The "gig economy" has grown in recent years, notably since ride-sharing services, such as Uber or Le Cab, have gained a lot of popularity with consumers. However, the expansion of gig economy does not come without tension. At the heart of the issue is the question of legal and social status of workers in this new economic environment.
In France, a report dealing with employment and social protection issues relating to these new businesses was published in October 2016 by the General Inspection of social affairs. This report notably points out the risks of increasing inequalities: greater social and occupational isolation of workers, greater income volatility, less vocational training, less protection against social risks.
In this context, it is now common to see independent workers who were terminated by their principal to claim in Employment tribunals that their services contracts should be reclassified as employment contracts.
The stakes are high: in the event that the Employment tribunal consents to reclassification, the then-considered employee is entitled to employee-relating rights, including back pay for up to five years, compensation for overtime and for untaken paid holidays, and damages for unfair dismissal where the services contract was terminated.
Employees are not the only ones who can claim for reclassification of their services contracts into employment contracts. The social security contributions' collecting agency (URSSAF) can also claim for the payment of up to five year arrears of social contributions – where it can be demonstrated that the company intended to circumvent social security regulations.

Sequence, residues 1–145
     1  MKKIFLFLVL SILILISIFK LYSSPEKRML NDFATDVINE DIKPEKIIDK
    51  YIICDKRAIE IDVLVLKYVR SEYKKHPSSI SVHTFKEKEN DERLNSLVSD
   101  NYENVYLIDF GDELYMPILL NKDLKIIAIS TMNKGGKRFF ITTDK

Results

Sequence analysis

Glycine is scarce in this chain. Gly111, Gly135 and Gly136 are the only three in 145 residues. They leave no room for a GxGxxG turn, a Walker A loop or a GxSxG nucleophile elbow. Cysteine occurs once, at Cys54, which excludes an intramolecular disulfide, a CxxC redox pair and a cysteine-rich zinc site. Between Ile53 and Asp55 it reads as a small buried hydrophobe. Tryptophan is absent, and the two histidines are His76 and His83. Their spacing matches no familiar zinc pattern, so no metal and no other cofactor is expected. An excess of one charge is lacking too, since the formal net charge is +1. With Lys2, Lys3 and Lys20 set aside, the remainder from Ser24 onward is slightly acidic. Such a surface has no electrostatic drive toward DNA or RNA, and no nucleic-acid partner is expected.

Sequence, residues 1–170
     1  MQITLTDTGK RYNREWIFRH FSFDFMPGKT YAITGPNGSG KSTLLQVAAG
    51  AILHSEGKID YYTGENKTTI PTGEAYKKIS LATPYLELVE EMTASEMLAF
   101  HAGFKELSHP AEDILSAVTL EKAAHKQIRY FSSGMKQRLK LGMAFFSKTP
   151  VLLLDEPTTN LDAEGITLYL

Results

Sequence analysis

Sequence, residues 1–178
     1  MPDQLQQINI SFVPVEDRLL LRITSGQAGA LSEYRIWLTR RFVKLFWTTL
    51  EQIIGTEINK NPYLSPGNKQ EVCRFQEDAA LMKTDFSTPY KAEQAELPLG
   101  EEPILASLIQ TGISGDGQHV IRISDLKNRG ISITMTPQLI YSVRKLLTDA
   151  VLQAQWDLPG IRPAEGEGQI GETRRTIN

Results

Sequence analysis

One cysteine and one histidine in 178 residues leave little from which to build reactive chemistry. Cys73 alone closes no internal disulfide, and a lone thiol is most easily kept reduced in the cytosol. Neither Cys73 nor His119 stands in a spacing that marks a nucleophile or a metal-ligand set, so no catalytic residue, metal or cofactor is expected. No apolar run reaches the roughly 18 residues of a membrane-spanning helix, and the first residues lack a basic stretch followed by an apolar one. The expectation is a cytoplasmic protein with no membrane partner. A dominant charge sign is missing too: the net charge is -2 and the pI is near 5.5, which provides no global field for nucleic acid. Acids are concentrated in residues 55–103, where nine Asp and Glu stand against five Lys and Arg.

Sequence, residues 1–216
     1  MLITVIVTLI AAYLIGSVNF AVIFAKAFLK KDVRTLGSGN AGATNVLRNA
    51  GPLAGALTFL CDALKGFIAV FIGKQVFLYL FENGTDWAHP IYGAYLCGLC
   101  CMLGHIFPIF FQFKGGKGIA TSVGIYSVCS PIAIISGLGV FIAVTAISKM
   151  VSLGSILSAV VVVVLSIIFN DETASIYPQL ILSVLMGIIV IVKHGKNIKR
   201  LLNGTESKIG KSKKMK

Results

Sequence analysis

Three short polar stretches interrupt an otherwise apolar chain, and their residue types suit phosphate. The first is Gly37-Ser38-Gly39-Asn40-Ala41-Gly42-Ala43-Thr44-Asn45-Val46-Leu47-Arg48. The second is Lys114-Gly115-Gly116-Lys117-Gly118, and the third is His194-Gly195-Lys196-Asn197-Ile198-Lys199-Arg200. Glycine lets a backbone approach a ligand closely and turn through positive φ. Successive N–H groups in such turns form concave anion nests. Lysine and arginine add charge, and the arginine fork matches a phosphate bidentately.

In order to reverse the assumption of non-employee status and to reclassify services contracts into employment contracts governed by the protective French Labor Code, Courts rely on a body of cumulative evidence showing a subordination relationship between workers and companies. Central to the characterization of subordination relationship is the exclusivity imposed on workers and belonging to a structured organization that imposes its own rules on them.
On this, the Paris Employment Tribunal recently reclassified a VTC driver's services contract into an employment contract on the grounds that the latter was forbidden from looking for clients in the streets as taxi drivers do; and forbidden from working for one of his company's competitors.
In early 2016, the social security contributions' collecting agency also initiated proceedings against a taxi company, seeking to reclassify all its drivers' services contracts into employment contracts. As a result of proceedings like this, the entire business model is questioned, leading many intellectuals and politicians to ask for a clarification of the affiliation rules to a social protection scheme for gig workers.